The Linux logname command is a simple utility that is part of the GNU Core Utilities. It has a single purpose, to print the name of the current user. There are no options and the command takes no arguments. You simply call it and it prints the current users login name.

$ logname

The logname command should not be confused with the LOGNAME environmental variable. The LOGNAME enviornmental variable can be changed by the user as it is part of their enviornment. This is in contrast to the logname command, which uses the utmp/wtmp login records to pull the name of the current user.

There are plenty of tools that allow you to print the currently logged in user or users. Some offer a lot of options and switches, while others offer "effective" user identification. Some similar tools are whoami, who and w. Let's take a quick look at these commands and how they differ from the logname command.

The w command shows a lot more information about the user. It also displays a header and several columns of information. It has options and switches to change the base output. This is all good information, but sometimes you just need a simple answer. Here is an example of the output of the w command.

[mecherisi@putor ~]$ w
 00:12:11 up  4:16,  1 user,  load average: 0.88, 1.02, 1.27
mecherisi   :1        19:57   ?xdm?  59:02   0.00s /usr/libexec/gdm-x-session --run-script /usr/bin/gnome-session

Similarly, the who command also shows additional information. It also shows ALL the users logged into the system. This and the amount of options make it very different from the logname command.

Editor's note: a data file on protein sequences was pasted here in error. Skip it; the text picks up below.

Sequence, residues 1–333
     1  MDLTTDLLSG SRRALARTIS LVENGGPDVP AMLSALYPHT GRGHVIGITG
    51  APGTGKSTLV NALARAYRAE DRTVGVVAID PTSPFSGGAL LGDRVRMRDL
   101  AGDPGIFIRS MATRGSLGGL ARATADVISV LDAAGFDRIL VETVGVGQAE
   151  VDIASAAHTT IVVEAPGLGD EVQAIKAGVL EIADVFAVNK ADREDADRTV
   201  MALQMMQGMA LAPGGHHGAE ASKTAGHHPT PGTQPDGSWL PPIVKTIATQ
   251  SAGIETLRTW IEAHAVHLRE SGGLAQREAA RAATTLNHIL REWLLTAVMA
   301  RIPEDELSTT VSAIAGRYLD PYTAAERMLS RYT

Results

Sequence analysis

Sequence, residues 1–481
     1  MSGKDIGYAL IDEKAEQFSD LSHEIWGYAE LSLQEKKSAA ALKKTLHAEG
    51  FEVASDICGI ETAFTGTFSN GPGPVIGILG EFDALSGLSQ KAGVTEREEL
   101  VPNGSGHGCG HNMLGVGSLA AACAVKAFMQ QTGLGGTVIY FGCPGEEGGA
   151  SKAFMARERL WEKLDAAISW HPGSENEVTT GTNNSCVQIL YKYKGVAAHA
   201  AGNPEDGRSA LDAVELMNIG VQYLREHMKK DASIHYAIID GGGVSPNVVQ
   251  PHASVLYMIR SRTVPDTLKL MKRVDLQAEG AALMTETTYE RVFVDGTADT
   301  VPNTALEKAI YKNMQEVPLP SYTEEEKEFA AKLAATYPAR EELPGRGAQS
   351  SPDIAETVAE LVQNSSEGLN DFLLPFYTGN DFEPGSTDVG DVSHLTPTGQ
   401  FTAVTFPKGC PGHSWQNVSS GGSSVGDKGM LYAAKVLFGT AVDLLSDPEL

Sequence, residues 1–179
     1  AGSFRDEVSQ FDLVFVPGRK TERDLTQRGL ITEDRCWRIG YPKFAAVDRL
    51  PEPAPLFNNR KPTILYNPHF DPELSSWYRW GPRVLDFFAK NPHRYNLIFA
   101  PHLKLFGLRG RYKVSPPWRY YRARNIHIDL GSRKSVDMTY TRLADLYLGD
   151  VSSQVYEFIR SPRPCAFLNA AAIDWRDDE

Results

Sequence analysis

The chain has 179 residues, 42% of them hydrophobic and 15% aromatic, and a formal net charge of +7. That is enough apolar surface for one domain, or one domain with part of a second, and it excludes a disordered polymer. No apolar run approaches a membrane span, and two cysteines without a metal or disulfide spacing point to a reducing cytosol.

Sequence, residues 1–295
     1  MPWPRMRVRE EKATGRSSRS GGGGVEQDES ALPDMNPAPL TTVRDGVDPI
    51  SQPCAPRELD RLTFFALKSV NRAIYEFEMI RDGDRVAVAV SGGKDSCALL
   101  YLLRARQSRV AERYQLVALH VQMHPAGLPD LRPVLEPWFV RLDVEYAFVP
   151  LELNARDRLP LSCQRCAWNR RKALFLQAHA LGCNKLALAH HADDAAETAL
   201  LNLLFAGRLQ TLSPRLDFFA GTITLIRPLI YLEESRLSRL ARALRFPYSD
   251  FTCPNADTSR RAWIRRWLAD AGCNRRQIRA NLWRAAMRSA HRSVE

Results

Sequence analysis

[mecherisi@putor ~]$ who
mecherisi   :1           2019-11-27 19:57 (:1)
xguest      :2           2019-11-27 13:45 (:2)
savona      :3           2019-11-27 12:33 (:3)

The whoami command actually shows you the "effective" user (euid). You can see that when we use sudo with whoami it returns root as the user. This is because when you run sudo, you are "effectively" root.

[mecherisi@putor ~]$ whoami
[mecherisi@putor ~]$ sudo whoami

The logname command simply prints the name of the current user to STDOUT, nothing else. This comes in very handy if you are using it in a bash script and you just need the current user name.

[mecherisi@putor ~]$ logname
[mecherisi@putor ~]$ sudo logname


Sometimes less it more. If you are writing a script and just need to get the current users name, logname is your friend. Of course you can do it with one of the other commands and use cut to trim the additional information. But, logname is the most direct, simplest and pure way to get that singular piece of information.

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